Nearly 80 students from Montgomery County (MD) Public Schools took us on a virtual world tour through the performing arts— from salsa dancing and madrigal singing to African drumming.

 

Thank you to all who helped celebrate the best in public education. Save the date for next year’s gala on February 13, 2015.

 

 

Original poems written and performed by Blessed Sheriff:

 

Be bold. This classroom will be a womb 
And it will deliver courage
And it will deliver voices
And it will deliver your courage
And it will deliver your voices

Strive. These books are a pedestal
They will lift you beyond your potential
And you will know things worth knowing
And see things worth seeing
They will teach you how to spell words like believe,

(Remember the “i” comes before the “e” except after “c”)
So that you will one day believe in a higher cause beyond yourself.

Listen, to me. This classroom will be the silence you need,
A worthy citadel for your thoughts
So let them roam free
And when you find one worth catching
Bring it back to me.
I want to see.

DO NOT BE AFRAID.

This is something they cannot steal.
The mind, like a thunderstorm
Stands dignified as the only God-sent instrument amidst humanity
And we
Each of us
With our own minds…
Our own eternal infinity.
Ideas don’t die, people do.

Understand that courage, kindness, wisdom, and love transcend time and when we go
What we made of them will still be here.
Make something of them
And this is how:

(This is what my teachers said to me:)
DO NOT BE AFRAID
One day you will rise and I may be a distant memory
But for now
Take your seat.
Breathe.
Breathe.
Class is in session.

Hope.
One syllable.
Four letters:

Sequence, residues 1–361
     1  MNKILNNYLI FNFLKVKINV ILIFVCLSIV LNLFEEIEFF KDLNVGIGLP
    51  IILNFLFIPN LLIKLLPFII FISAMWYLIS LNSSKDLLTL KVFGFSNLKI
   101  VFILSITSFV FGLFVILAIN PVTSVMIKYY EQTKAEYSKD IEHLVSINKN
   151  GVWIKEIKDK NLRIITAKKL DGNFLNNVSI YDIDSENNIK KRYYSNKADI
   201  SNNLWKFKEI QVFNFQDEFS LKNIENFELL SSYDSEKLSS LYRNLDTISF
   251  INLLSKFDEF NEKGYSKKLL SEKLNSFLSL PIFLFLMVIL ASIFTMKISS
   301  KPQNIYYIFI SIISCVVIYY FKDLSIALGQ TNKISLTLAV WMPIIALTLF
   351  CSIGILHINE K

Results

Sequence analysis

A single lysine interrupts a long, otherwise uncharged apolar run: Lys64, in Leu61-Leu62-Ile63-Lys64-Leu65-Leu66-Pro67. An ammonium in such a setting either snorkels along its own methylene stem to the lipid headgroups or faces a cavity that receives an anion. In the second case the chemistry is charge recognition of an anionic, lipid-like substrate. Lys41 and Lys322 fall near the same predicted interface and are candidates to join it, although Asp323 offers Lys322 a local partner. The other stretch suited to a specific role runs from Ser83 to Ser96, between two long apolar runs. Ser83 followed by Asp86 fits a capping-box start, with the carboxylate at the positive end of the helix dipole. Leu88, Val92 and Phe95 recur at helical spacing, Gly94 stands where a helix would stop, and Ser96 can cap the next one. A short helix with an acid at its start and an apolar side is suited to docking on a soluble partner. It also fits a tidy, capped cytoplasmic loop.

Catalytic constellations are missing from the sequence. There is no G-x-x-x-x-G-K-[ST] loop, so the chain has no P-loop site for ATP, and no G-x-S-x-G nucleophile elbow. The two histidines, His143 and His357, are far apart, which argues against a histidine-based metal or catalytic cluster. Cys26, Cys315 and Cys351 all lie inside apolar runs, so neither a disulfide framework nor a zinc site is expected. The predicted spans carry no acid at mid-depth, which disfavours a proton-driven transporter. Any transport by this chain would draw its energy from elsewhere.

H.
O.
P.
E.
Noun. A feeling of expectation and desire. Derived from Old English hopa or hopian meaning to wish, expect, to look forward to. A word of German origin, connected as well to the Dutch language.
Hope.
A word with so many sounds, so many souls, it doesn’t get by on just one syllable.
It’s the words of a man, a King, with a dream. It’s attached to the faces of the one’s who are screaming
For freedom.
Four letters? More like six – and it’s spelled like
this:
V.
I.
S.
I.
O.
N.

And do you see now what I mean?
Where there is no vision the people perish-
we are a species defined by our progress-
from the moment we climbed up off our knees and onto our feet…
and we’ve been doing it ever since.
Off our knees and onto our feet.

Hope. A noun in action,
And whether we are shuffling, mumbling, or running at breakneck speed it makes
sure that we are moving.

Hope. Derived from the one who makes all things new -
a spirit that lives on the inside,
like a wish waiting to come true. It’s true,
we are made of stardust. So the next
time you see a shooting star turn around and look inside you:
You’re on fire.
Know that the only things that burn are the things that last forever.
Know that fire ignites, and we’re called to leave this world in ashes more
beautiful than the icebergs before.

Hope. A word which has its origins in the smile of a newborn child, and in the spark of
a newborn mind which has the power to change a generation.

And if there’s one thing important enough to remember about what hope is,
It’s that H.O.P.E stands for one thing W.E: and that is WE.
We are hope.